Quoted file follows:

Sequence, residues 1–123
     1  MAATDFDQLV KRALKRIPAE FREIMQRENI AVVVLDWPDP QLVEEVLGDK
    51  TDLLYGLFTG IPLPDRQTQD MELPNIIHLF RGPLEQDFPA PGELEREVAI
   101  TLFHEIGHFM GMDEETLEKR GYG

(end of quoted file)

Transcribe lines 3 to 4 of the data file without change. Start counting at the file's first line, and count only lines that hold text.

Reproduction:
    51  TDLLYGLFTG IPLPDRQTQD MELPNIIHLF RGPLEQDFPA PGELEREVAI
   101  TLFHEIGHFM GMDEETLEKR GYG